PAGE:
family couple in bed, woman with insomnia

Has marriage changed you as a person?

March 30, 2018
  • Yes, for the better
  • No, I’m the same now as I was then
  • Yes, for the worst
  • I’m not married

Marriage, the grand institution that has both been hailed as the apex of human connection and joked about as the end of one’s free-spirited adventures. But the age-old question lingers: Has marriage changed you as a person?

You’re not alone in pondering this enigma. From literature to film to that unavoidable family reunion Q&A, the theme of change post-nuptials is pervasive. So, we decided to delve into the reasons why some might say, “Yes, for the better,” while others proclaim, “No, I’m the same!” We also explored the sentiments of those who’ve felt the marital waters turn a tad chilly with “Yes, for the worst.” And of course, we haven’t forgotten our single, ready-to-mingle (or not) compatriots.

Image of a happy, diverse couple in a serene setting, symbolizing health and longevity

1. “Yes, for the better.”

A Harvard study revealed that married individuals tend to live longer, have fewer health problems, and even suffer from less stress. The reasoning? A supportive partner can offer emotional and practical backup that you might not have when flying solo. As Dr. Robert Waldinger, a psychiatrist and director of the study, once said, “Relationships and how happy we are in our relationships have a powerful influence on our health.”

Choosing this option might be a nod to personal growth, enhanced resilience, or even a broader culinary repertoire. After all, it wasn’t until marriage that many discovered quinoa isn’t pronounced “kwi-noah.”

Fun Fact: Married couples in the US often claim that their partner knows them better than they know themselves. 78% of respondents in a recent survey believed their spouse could predict their food order. That’s some next-level connection!

2. “No, I’m the same now as I was then.”

Steadfast in the face of romantic whirlwinds, some individuals believe in the core essence of their being. Whether it’s maintaining a lifelong ambition, a characteristic sense of style (floral shirts forever!), or an undying love for 90s rock ballads, marriage hasn’t swayed their identity one bit.

A quote from the inimitable Maya Angelou might resonate here: “My mission in life is not merely to survive, but to thrive; and to do so with some passion, some compassion, some humor, and some style.” Marriage might introduce new scenarios, but the essence of who you are remains untarnished.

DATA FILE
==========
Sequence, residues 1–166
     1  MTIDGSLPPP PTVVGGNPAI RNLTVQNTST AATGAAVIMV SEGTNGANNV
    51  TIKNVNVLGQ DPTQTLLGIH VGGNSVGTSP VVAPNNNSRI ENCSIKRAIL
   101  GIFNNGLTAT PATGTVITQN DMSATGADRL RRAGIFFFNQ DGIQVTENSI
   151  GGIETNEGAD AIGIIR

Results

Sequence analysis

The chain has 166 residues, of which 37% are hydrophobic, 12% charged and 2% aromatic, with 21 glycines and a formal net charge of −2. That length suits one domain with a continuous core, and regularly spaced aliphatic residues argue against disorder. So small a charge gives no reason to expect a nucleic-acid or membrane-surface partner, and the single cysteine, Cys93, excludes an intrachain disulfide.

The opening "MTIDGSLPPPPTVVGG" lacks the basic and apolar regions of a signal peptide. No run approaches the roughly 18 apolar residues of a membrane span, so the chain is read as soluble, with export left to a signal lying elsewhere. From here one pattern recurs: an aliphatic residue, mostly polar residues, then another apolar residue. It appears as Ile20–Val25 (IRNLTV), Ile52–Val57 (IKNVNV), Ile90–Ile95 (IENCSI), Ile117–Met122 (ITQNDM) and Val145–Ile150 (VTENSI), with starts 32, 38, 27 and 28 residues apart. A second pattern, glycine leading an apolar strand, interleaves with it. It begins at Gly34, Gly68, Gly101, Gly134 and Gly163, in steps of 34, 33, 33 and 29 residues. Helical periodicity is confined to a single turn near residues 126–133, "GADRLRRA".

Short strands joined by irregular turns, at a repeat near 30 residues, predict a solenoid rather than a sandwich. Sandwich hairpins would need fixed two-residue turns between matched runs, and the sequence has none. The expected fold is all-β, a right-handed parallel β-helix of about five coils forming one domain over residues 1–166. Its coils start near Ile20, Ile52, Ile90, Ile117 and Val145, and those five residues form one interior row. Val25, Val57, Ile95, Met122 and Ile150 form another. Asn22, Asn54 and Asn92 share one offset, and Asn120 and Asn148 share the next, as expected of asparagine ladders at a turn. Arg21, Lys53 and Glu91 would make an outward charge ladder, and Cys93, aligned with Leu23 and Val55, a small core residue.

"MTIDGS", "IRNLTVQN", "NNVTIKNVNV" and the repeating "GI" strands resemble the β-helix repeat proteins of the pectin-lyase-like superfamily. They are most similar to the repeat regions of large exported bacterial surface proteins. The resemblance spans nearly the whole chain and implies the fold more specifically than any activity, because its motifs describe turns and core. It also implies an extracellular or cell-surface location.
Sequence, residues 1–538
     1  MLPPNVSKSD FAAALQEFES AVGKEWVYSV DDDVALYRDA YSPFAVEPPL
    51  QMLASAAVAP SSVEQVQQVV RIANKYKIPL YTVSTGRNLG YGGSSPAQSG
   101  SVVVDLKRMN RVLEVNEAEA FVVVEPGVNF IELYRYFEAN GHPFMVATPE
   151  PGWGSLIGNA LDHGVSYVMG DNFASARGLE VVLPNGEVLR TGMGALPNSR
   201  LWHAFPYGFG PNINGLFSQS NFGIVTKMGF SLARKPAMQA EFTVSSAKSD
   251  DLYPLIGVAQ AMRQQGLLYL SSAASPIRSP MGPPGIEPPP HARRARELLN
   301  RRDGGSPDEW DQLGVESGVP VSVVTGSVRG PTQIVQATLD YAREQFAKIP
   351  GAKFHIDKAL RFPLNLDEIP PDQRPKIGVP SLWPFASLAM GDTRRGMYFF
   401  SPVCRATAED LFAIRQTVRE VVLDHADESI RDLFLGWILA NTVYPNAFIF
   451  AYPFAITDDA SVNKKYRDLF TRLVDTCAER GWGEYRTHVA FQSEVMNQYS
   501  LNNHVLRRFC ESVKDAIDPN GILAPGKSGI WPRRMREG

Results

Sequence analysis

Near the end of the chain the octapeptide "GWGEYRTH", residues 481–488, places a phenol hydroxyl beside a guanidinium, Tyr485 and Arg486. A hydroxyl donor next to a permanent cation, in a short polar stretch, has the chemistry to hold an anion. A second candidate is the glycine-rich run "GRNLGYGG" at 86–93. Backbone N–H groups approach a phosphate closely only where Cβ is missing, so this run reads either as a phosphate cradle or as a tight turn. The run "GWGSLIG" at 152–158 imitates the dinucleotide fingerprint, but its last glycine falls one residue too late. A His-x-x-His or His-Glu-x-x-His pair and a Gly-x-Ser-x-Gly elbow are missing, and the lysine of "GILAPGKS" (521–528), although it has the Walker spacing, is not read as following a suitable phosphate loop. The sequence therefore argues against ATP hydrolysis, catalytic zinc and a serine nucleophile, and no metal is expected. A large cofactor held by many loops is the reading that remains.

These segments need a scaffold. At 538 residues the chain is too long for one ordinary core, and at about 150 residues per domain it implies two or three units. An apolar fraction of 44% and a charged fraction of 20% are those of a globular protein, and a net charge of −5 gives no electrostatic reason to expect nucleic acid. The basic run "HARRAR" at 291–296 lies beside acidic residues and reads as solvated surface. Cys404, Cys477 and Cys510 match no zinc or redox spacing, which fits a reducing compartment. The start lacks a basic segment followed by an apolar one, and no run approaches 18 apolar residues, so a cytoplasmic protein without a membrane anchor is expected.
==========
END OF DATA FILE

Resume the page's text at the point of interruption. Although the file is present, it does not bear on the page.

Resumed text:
Curious Statistic: Contrary to the belief that marriage drastically changes one’s habits, a 2019 study showed that 60% of married individuals in the USA have maintained the same hobbies post-marriage.

partner using headphones to ignore the other's music

3. “Yes, for the worst.”

While we’ve sung some praises, it’s not always “happily ever after.” Some argue marriage brought complexities they weren’t prepared for. Financial disagreements, opposing life goals, or the shocking discovery that your partner thinks cats are just “okay.”

Famed relationship therapist, Esther Perel, once remarked, “Today, we turn to one person to provide what an entire village once did.” This profound insight sheds light on the immense expectations placed on marriage, which can lead to disillusionment for some.

Fun (or not-so-fun) Fact: 1 in 5 Americans admit to wearing headphones more often at home to drown out their partner’s questionable music choices. The things we do for love, right?

4. “I’m not married.”

Ah, the wild card! Not being married in the USA doesn’t mean you’re averse to love or commitment. In fact, the rise of cohabitation without tying the knot has been a significant trend. For some, marriage isn’t the end-all and be-all of a committed relationship. For others, they’re just enjoying the solo journey and aren’t in any rush.

Jennifer Aniston, often under the media’s marital microscope, once commented, “We are complete with or without a mate, with or without a child.” In the journey of life, marital status is just one of many facets that shape our experiences.

Curious Statistic: The number of adults living without a spouse or partner has climbed to 42% in the past decade. Independence is the name of the game!

In Conclusion

Whether you’re dancing in marital bliss, waving the flag of individuality, or somewhere in between, life’s rollercoaster ensures change is the only constant. Our relationships, or lack thereof, shape these changes in myriad ways. But remember, whether you’re saying “I do” or “I don’t,” you’re part of a rich tapestry of American love and life stories. So, has marriage changed you? Well, only you can answer that.

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